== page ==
• Skillets: One of the rare local places where you can find a Kentucky Hot Brown — think open-face turkey sandwich doused in Mornay sauce with bacon and tomato. It’s Kentucky comfort food at its finest. (Five locations in Naples and Bonita Springs;

 Truluck’s: This place is known for its attention to detail, and its mint julep is no different. Served with the crushed ice and the fresh mint and the bourbon of your choice, all those just-right details make one great drink. (698 Fourth Ave. S., Naples; 530-3131;

• Nevermind Awesome Bar Eatery: Seekers of smooth, small-batch bourbon, this is your bar. Michter’s, Buffalo Trace, Blanton’s — all you have to do is remember which pony you bet on, and how to hail an Uber car for the ride home. (927 Cape Coral Parkway E., Cape Coral;


Somehow moms became equated with brunch. There are far worse associations. 

• Cork Soakers: Deviled eggs, risotto, shrimp and grits, and one of the best Bloody Marys, excuse me B!*# Slap Bloody Marys, in town. These guys don’t take brunch seriously, they just do it right. (837 SE 47th Terrace, Cape Coral; 542-6622;

 Courtney’s Continental Cuisine: The Bloody Mary is $4.50 on the everyday menu, eggs Benedict with creamy-rich Hollandaise start at $9. This is every bit a fancy, high-end brunch, just without the fancy, high-end price tag. (20351 Summerlin Road, south Fort Myers; 466-4646;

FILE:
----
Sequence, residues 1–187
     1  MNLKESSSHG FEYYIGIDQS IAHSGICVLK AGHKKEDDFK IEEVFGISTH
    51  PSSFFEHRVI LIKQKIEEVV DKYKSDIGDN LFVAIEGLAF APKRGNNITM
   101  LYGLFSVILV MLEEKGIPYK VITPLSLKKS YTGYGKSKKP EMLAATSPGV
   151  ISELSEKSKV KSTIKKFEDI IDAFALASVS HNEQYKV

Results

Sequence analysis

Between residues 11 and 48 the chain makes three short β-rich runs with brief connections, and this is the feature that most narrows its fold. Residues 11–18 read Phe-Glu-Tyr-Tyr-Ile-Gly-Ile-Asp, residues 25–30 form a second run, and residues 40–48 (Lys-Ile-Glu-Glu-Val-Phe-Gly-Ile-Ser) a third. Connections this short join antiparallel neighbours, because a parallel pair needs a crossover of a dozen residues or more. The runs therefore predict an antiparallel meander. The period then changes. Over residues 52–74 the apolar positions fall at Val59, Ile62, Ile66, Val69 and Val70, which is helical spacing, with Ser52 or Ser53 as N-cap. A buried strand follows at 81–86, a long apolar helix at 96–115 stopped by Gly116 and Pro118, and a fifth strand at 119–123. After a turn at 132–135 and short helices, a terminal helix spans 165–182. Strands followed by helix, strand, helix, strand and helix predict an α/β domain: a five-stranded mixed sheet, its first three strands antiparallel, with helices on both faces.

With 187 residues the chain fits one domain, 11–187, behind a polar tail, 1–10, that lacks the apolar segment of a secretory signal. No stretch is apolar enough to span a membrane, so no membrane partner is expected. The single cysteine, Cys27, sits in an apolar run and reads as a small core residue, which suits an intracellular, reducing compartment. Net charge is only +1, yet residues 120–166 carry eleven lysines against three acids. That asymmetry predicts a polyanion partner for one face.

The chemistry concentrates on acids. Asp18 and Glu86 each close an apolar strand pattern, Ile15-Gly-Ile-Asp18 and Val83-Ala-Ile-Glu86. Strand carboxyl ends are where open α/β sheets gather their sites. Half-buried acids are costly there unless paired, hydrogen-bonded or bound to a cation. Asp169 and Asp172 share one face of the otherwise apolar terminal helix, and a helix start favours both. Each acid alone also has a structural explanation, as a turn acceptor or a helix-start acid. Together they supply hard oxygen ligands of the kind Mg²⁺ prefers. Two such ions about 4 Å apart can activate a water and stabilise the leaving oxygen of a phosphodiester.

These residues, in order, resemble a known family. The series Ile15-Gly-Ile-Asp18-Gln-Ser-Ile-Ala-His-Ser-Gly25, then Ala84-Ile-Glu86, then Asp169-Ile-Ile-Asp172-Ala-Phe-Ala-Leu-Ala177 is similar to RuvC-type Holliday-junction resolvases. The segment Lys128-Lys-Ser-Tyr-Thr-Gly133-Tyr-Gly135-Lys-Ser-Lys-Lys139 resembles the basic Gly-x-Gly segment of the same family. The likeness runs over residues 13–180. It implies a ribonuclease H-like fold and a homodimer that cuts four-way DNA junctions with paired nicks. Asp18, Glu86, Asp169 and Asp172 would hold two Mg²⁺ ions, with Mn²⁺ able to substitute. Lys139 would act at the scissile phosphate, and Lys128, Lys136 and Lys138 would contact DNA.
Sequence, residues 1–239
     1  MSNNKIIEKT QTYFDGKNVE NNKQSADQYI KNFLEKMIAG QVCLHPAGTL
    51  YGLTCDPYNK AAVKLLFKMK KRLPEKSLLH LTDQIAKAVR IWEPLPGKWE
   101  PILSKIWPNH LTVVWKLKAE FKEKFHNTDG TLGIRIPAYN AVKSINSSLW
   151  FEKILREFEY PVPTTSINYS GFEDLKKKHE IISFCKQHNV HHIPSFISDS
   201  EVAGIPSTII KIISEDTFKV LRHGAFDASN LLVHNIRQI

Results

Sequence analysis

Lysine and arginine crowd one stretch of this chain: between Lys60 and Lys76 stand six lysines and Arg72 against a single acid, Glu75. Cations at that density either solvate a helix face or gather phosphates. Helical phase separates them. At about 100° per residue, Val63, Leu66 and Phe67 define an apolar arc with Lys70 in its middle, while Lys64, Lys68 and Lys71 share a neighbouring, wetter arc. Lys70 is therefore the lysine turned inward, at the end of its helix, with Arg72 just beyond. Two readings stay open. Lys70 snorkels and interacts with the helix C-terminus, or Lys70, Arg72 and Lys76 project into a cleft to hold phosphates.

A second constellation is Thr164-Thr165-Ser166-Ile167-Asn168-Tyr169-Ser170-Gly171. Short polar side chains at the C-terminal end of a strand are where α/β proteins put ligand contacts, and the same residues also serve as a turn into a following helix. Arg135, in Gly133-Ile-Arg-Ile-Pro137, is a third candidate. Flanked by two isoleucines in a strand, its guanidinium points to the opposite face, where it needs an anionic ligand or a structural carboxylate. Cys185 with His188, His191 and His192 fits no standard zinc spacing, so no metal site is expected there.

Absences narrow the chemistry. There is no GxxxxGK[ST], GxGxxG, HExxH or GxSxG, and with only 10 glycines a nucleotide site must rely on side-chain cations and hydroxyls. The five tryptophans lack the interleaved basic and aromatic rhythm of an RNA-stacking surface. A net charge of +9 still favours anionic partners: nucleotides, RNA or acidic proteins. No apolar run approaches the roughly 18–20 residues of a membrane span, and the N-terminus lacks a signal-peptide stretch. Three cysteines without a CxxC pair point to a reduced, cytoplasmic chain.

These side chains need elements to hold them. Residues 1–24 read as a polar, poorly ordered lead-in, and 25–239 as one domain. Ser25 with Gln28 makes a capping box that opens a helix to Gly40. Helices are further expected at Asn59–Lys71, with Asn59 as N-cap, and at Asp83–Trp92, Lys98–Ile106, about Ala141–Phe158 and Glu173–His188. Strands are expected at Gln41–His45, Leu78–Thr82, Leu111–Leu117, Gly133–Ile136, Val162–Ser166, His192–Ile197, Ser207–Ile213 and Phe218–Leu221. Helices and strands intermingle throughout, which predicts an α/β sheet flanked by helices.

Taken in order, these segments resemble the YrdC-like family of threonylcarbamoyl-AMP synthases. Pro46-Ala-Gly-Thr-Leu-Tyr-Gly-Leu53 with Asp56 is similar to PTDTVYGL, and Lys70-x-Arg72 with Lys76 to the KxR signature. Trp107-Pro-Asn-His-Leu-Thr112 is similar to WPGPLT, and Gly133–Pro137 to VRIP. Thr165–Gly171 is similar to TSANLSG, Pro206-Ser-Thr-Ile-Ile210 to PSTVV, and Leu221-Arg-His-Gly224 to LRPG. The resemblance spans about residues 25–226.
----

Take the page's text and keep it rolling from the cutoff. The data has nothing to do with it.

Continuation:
• M Waterfront Grille: There’s quiche for the traditionalists and a tartar of heirloom beets for the non. The smoked salmon, hot-buttered lobster roll, and steak and eggs fall somewhere in the middle. But no matter where a dish lies on the spectrum, know it will be good. (4300 Gulfshore Blvd., Naples; 263-4421;

• The Standard: Located at the base of Hotel Indigo, this place does brunch right: oysters Rockefeller, hash with house-made sausage, a full bar and bottomless mimosas. Your mom will thank you. (1520 Broadway, Fort Myers; 219-6463;

Combine two and give to mom

This drink recipe mixes the tequila from Cinco de Mayo with a Derby julep. Hand one to mom for a trifecta.


2 oz. Casamigos anejo tequila

25 oz. simple syrup

8-10 mint leaves

Garnish with mint sprig

Add ingredients into julep glass or tumbler. Muddle mint. Add Casamigos. Fill glass with crushed ice. Add metal swizzle spoon/straw. Stir. Add more ice to give a cone shaped top. Garnish with mint sprig.

Jean Le Boeuf is the pseudonym used by a local food lover who dines at restaurants anonymously and without warning, with meals paid for by The News-Press. Follow the critic at or @JeanLeBoeuf on Twitter and Instagram.

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Fudge Brownie Bites for Mother’s Day